So there’s a lot of more established acts that have been going for a while, whereas I feel like in 2012 and 2013, there were a lot of really fresh new artists that suddenly quite a few people knew about and, and it worries me that it’s becoming harder for new artists to break out.
Also, the quality of what people are making has been decreasing because I think everyone’s getting burned out by the number of other things they need to do in order to survive. Even the fact that people need to work harder to earn enough money to pay rent is getting ridiculous. And that’s capitalism we can blame there. So, there are a lot of factors involved, but admittedly there’s less in the scene now that really impresses me than there was back then. And I don’t know if that’s because I’ve changed, but it’s because the quality of the music is changing. It’s also become more accessible so that more people can make music.
What really changed for me or what I can see, in the scene before and after COVID, I have a feeling post-punk and wave and darkwave and electronic music, etc., became so much more popular. I mean, Lebanon Hanover’s playing Primavera.
Yeah, that’s insane. When I think about it, I couldn’t have imagined that.
No! Exactly! I booked their first show in Holland. They were like in my house, and I have known these guys for like so long.
I booked them for 30 people in a basement in London, and we were charging £3 for entry. £3!
Yeah. I had shows with donations. But this kind of thing stopped.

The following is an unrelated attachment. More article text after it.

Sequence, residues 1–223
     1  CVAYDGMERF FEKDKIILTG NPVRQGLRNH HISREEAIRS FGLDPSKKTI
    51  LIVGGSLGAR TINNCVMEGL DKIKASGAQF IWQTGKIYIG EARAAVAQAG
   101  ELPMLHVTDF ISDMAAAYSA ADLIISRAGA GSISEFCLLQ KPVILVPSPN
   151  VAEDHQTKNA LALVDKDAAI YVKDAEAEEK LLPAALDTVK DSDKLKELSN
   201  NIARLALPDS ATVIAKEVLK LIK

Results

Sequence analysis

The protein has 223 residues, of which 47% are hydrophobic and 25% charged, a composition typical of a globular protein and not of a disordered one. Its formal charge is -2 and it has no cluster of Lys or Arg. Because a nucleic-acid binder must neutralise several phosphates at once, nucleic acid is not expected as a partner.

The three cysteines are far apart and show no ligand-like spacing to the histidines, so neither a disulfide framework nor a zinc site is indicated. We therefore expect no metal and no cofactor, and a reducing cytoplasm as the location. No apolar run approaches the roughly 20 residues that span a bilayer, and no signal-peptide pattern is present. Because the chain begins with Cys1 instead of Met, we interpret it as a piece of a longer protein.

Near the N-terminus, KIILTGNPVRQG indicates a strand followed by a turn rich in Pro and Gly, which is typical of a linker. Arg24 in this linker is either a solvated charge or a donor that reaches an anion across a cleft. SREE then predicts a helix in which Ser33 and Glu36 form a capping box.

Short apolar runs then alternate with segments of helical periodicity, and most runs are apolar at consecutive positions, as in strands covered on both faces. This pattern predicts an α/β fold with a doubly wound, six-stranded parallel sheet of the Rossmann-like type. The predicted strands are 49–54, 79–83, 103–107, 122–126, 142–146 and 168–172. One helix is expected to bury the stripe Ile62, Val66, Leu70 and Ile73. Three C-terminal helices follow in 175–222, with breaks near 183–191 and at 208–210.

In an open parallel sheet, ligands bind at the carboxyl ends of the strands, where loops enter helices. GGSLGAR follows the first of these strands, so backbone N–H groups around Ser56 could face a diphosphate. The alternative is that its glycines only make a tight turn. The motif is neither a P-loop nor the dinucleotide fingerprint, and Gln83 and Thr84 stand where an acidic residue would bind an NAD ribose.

I think it is good because artists need to get paid well. But there’s like a whole big new generation. It’s crazy. And I really don’t know where that comes from.
I remember, my first show after COVID, I only saw new faces, and it was like a sold-out show. This band is from Amsterdam. For the first time, I felt like, okay, I’m now an older generation. It was, for me, very confrontational, actually.
Grauzone, when we started in 2013, the first edition, I had not really a clue what I was doing. I just booked small shows in Amsterdam or put them all together. I had just graduated from art school, and it was my full passion was, “I need to do this because Amsterdam is such a dull city, Nothing is happening there.”
I lived before in Berlin for like a year, and it spoiled me so much that I felt like Holland was such a Calvinistic country, which it still is. But it gave me a reason to organize things. And now Grauzone’s got such an established name within and outside Holland. And after COVID, it’s, I don’t know, I think we’re going to sell out soon.